(Washington, D.C.) Today, U.S. Senator Patty Murray (D-WA), a senior member of the Senate Appropriations Committee, announced report language accompanying the Fiscal Year 2015 Senate Commerce, Justice, and Science Appropriations Bill to direct the National Science Foundation to work with their partners across the federal government to establish requirements for next generation polar class icebreakers. The Fiscal Year 2015 Senate Commerce, Justice, and Science Appropriations Bill passed the full committee today, and the bill will now be considered by the full Senate.
“We are an Arctic nation, and building the next generation icebreaker is vital to our economic and national security interests,” said Senator Murray. “This language is an important step to ensure the federal government has the tools it needs to protect America’s interest in the Arctic.”
Washington state, and specifically U.S. Coast Guard Base Seattle, is home to the nation’s icebreaking fleet. The United States currently has two functional icebreakers, the polar class USCGC Polar Star and the medium class science vessel USCGC Healy. As a senior member of the Senate Appropriations Committee, U.S. Senator Patty Murray secured $57 million to refit the USCGC Polar Star at the Vigor Shipyard in Seattle. The refit was completed in December 2012, and was deployed this year to support the Antarctic resupply effort. The polar class icebreaker USCGC Polar Sea is also stationed in Seattle but is in mothball status and unable to perform its mission. By contrast, Russia has six heavy class nuclear powered icebreakers, and four more under construction.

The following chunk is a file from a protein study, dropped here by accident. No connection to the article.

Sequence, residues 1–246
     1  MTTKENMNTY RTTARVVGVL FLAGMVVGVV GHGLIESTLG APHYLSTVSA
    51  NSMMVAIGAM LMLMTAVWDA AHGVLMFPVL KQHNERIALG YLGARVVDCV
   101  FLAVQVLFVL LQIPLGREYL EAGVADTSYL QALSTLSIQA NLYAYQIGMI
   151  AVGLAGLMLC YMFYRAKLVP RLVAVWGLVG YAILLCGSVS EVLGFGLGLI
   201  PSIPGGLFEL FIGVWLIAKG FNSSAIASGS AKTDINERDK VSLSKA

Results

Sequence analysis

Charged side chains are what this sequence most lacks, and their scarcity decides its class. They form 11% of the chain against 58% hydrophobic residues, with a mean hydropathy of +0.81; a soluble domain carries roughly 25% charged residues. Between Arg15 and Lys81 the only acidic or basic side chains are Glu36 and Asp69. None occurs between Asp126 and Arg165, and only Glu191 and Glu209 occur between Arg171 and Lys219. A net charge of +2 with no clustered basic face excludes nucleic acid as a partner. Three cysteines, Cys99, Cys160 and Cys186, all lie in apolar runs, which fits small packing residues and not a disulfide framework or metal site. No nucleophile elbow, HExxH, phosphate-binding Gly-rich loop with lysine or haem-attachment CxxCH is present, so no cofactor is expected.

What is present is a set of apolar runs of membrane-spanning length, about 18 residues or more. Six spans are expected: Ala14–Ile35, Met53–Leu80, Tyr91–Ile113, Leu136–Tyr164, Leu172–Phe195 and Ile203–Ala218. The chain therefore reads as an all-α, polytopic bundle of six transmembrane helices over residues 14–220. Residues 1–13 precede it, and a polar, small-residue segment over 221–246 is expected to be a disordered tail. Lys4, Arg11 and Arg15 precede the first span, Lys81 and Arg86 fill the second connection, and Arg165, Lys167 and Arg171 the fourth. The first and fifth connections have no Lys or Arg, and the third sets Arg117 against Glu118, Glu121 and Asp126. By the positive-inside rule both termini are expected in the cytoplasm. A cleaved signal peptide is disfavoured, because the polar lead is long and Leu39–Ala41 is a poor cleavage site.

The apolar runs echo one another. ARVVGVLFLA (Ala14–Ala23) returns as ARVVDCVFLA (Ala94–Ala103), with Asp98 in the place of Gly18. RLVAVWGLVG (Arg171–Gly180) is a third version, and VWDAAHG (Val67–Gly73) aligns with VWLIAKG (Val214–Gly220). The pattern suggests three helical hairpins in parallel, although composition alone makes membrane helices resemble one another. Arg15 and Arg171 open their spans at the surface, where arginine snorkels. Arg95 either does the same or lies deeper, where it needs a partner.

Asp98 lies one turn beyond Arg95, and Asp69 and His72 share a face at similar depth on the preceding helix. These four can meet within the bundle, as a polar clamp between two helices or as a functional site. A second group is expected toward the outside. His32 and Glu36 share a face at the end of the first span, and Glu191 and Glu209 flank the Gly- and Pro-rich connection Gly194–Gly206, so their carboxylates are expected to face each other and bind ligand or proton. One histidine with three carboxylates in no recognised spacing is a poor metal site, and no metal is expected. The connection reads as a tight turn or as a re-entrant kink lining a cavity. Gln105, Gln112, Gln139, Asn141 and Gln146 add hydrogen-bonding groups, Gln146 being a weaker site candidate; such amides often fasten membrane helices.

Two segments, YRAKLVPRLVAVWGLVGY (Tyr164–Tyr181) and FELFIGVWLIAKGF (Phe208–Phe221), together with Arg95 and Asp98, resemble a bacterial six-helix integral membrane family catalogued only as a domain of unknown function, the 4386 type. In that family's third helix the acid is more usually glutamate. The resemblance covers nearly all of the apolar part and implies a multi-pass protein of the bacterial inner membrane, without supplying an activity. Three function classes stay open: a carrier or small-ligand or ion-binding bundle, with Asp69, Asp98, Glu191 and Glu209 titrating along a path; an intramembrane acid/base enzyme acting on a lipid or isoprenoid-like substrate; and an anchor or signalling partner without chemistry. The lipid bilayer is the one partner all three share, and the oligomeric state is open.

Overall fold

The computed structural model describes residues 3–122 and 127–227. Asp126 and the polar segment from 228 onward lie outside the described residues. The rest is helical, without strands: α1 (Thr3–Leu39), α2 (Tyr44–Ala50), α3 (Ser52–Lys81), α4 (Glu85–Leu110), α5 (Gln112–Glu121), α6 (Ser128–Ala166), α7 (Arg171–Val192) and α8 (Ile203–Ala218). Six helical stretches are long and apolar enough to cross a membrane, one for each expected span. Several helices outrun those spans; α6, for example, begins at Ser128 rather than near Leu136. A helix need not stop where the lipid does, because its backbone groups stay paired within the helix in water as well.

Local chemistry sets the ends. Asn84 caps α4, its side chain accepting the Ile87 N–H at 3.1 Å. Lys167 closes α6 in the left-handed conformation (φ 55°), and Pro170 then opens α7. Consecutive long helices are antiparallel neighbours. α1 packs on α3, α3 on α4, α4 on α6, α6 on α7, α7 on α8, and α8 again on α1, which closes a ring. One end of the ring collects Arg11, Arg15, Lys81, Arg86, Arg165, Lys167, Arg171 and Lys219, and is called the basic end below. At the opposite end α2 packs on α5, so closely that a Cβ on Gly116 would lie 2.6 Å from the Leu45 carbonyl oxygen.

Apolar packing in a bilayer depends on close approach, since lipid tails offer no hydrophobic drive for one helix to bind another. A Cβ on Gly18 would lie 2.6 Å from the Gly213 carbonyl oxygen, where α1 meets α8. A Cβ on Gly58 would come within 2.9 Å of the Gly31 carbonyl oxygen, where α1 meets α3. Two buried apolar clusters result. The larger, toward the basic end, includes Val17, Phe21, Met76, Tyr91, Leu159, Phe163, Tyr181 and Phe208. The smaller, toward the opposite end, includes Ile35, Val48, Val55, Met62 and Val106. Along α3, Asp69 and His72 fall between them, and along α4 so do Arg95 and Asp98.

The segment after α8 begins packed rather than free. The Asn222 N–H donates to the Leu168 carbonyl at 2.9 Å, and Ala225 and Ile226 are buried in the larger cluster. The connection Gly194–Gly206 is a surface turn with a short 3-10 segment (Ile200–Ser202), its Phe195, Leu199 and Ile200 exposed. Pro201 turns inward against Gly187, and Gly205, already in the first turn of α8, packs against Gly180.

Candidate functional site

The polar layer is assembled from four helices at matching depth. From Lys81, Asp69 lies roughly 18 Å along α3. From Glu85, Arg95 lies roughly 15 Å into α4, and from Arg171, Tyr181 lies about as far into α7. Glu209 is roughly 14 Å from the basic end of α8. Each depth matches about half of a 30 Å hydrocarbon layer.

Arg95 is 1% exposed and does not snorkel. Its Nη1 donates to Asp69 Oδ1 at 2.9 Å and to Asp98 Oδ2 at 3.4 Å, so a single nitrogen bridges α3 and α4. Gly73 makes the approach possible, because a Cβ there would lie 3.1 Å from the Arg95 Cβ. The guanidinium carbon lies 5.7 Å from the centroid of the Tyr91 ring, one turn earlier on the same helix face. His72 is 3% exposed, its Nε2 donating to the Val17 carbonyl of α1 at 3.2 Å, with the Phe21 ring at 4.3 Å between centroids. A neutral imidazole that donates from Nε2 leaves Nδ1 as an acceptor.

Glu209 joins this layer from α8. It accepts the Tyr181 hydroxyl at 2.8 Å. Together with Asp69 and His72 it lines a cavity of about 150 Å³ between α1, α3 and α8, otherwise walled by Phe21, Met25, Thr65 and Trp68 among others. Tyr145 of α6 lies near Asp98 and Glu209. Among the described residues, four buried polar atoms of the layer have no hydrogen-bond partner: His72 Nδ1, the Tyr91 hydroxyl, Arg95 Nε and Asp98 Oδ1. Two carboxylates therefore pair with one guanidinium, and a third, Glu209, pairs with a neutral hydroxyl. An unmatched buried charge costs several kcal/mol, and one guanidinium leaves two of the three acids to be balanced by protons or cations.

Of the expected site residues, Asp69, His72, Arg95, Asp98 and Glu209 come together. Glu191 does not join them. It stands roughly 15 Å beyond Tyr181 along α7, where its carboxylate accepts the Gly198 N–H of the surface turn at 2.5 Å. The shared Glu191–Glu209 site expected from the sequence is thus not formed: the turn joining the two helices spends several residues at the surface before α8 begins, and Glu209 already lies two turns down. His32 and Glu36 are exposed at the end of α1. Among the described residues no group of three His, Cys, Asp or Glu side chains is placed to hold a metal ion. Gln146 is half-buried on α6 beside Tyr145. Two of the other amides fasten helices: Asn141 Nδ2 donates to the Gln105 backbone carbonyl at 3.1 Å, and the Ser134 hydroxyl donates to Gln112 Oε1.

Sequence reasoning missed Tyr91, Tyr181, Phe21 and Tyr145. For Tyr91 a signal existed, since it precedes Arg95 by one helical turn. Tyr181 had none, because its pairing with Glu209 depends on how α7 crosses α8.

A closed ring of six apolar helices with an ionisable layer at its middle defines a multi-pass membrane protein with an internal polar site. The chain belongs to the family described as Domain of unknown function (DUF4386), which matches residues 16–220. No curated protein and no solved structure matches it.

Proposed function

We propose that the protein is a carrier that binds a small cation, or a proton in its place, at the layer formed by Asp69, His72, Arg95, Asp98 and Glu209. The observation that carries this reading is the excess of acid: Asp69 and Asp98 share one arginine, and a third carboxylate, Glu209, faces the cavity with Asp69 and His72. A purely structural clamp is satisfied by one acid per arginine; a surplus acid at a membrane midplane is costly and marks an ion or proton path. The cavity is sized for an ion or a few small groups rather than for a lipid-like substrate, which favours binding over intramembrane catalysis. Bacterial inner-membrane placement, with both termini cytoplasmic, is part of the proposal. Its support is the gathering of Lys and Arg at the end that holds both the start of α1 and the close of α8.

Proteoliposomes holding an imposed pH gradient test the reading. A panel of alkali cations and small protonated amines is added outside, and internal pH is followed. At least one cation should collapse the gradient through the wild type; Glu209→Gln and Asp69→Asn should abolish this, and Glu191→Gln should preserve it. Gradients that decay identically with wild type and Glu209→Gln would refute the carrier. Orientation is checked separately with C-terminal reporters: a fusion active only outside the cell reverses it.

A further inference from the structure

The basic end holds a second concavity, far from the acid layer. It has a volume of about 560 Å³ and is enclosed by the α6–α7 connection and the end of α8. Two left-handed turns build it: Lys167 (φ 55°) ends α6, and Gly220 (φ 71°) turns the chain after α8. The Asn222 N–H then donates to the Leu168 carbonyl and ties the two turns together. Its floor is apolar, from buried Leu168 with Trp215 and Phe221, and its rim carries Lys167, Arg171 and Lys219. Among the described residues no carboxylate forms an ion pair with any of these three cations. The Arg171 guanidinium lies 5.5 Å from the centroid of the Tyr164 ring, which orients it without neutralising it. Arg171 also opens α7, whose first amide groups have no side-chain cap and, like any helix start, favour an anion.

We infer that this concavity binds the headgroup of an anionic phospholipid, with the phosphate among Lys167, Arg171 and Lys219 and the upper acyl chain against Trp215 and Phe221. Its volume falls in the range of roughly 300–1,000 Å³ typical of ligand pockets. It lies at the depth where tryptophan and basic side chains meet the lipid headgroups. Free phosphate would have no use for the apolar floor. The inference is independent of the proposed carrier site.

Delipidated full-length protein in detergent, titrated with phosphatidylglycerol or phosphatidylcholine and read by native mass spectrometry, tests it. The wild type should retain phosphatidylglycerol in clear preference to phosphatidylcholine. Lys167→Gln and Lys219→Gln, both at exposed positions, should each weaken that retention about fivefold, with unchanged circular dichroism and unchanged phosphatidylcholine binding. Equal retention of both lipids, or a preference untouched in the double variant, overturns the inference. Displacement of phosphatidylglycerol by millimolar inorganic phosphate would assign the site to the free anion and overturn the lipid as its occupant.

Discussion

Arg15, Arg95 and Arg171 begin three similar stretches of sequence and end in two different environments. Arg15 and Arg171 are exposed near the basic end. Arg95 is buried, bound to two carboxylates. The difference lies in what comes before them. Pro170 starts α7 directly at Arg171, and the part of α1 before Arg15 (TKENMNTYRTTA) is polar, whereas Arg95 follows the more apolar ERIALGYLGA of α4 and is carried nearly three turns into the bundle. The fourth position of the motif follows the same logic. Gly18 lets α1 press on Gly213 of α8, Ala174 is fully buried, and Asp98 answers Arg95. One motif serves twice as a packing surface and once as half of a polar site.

Receding Arctic sea ice has created new sea lanes for commerce and the potential of exploration for natural resources. The United States also has vital national security interests in the Arctic. In May, Secretary of Defense Chuck Hagel highlighted the burgeoning impact of climate change, which has resulted in the dangerous potential for conflict in the Arctic. The icebreaking fleet is operated by the U.S. Coast Guard, but is utilized by National Science Foundation scientists for Arctic research and is responsible for icebreaking for the U.S. Navy.
Full text of the language included below:Icebreakers- The Committee supports the interagency process to develop requirements for a new polar-class icebreaker, recognizing the strategic importance of Arctic operations to our Nation's future security and prosperity and the critical support that such a vessel will provide to NSF's research and logistics in Antarctica. NSF is encouraged to work with its interagency partners to support this effort, which should result in an operational requirements document no later than 180 days after the date of enactment of this act.